The photo that Wendy Lower found had been hidden until the fall of the Berlin Wall in a file of the Czechoslovak secret police. What makes it exceptional is that it shows a carnage as it is happening. Some men in uniform have just shot very closely at a woman who collapses on the edge of a ravine, dragging a barefoot child with her by the hand. The smoke from the gunpowder blurs part of the scene. Looking closely, it is seen that there are two types of uniforms: heavy capes and caps like the Soviet Army, warriors and German plate caps. There is also a man in civilian clothes who observes the scene, limited back by the trees of a forest.

For 10 years Wendy Lower investigated archives, located witnesses, participated in archaeological excavations wanting to find out as much as possible about the photograph, what is seen in it and what is not, what happened before, what came after, the exact date of the massacre, the place where it happened. He has told it in a dense and passionate book of less than 300 pages,

The Ravine


Guillermo Altares, who is always very alert to these matters, gave the news of the publication of the book in these pages.

The title alludes to the ravine where that woman and that child are falling, and in which many corpses are already piled up, and also badly wounded people who stir among themselves, and who from one moment to another will receive a coup de grace or will perish suffocated the weight of the other bodies and the shovels of earth that the executioners will have thrown at them.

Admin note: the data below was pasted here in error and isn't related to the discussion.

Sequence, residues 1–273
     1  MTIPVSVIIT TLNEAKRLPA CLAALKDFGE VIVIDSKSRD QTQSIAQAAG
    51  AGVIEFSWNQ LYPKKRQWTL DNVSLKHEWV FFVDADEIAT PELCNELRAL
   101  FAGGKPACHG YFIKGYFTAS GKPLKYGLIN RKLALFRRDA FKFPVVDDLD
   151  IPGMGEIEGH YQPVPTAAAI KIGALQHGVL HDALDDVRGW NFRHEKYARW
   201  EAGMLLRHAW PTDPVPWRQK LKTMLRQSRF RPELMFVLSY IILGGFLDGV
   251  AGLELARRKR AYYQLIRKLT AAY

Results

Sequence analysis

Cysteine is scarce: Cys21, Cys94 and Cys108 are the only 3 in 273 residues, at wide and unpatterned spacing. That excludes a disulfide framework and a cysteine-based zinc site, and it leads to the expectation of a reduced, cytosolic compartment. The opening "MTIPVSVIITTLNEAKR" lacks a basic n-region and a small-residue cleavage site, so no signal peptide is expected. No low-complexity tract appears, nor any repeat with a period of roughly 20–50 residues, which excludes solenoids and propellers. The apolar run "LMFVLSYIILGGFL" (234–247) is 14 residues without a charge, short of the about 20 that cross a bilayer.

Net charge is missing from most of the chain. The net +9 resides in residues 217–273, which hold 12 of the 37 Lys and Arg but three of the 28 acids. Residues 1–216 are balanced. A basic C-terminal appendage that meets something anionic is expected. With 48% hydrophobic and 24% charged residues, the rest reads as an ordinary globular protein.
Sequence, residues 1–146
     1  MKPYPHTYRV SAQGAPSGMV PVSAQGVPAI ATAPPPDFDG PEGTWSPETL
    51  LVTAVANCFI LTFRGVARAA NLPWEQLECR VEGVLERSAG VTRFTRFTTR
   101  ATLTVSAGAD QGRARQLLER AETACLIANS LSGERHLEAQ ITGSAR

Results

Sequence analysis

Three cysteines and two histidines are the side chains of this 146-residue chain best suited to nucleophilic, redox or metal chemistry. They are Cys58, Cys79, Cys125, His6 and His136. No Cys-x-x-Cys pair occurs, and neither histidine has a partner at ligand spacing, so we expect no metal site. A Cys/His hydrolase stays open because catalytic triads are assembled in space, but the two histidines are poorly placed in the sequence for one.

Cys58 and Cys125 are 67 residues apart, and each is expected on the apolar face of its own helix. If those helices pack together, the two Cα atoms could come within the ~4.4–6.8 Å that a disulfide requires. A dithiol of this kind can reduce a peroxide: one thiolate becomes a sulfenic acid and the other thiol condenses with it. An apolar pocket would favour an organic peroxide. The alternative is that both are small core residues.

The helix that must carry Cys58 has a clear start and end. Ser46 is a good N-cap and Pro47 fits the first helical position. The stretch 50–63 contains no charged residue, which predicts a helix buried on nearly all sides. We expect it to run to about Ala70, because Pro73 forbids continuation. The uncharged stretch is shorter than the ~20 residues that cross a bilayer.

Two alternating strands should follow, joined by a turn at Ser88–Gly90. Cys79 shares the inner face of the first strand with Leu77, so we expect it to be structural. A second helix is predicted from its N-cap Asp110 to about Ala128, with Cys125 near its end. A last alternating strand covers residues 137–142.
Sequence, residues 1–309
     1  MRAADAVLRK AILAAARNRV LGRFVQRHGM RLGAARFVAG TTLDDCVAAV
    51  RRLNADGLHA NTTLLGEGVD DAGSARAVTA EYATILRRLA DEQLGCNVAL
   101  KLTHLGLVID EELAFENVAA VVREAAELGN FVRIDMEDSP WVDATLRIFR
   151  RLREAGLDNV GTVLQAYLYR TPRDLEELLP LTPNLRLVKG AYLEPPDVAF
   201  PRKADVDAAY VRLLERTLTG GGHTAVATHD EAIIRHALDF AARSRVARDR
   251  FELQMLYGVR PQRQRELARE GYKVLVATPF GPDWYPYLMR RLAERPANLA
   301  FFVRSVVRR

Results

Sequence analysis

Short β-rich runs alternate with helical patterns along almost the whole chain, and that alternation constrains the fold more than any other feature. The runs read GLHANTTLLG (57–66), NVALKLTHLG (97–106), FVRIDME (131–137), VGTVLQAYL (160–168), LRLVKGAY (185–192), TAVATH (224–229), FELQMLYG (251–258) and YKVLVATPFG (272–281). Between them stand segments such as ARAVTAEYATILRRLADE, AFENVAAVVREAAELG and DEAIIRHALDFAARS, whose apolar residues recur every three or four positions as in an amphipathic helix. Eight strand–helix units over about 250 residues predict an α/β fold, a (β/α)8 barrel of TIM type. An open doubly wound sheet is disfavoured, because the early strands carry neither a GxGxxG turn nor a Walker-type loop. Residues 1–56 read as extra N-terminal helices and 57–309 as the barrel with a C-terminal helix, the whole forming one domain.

As an upright and scrupulous investigating judge, the investigator identifies the two German uniformed men, customs officials who never paid for their crimes

In the photo, as soon as you see it, everything is general and anonymous: executioners and victims, a blurry black and white massacre. Little by little, like an upright and scrupulous investigating judge, the investigator, who immediately clarified the day of the execution, Monday, October 13, 1941, and the precise place, the outskirts of the small Ukrainian city of Miropol, identifies the two uniformed Germans, who are not military, but customs officials, and who never came to pay for their crimes; and then he finds the trail of a teenage girl who was also left for dead and thrown into the same grave, but managed to escape and lived until 2015. He also finds out the names of the Ukrainian policemen, bloodthirsty lackeys of the German occupiers, and follows the trail of their future lives. And even discover the identity of the photographer,a courageous Slovak soldier who soon after joined the Resistance, and who risked his life to save the evidence of the horror he had witnessed. An old woman who lives in a suburb on the outskirts of Detroit tells him about her already very faint memories as a child and gives her a photo in which, just a few months before, the woman in the polka dot dress and the child falling from her hand to the ravine.

The search leads from one secret to another, until it collides with the limit of what cannot be known, the immense void of the dead and the disappeared without a trace.

Each new discovery points to another enigma.

Sheltered between the legs of the falling woman, Wendy Lower is sure to see the head of another child.

In a more blurred image that the photographer took of the bodies piled up in the ravine, that polka dot dress can be seen.

At the edge, in the foreground, are men's boots, and next to it a folded jacket.

You will never know who they belonged to.


The Ravine: A Family, a Photograph, a Holocaust Massacre Revealed


Wendy Lower.

Houghton Mifflin Harcourt, 2021. 272 ​​pages.

26 euros.

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Source: elparis

All news articles on 2021-05-30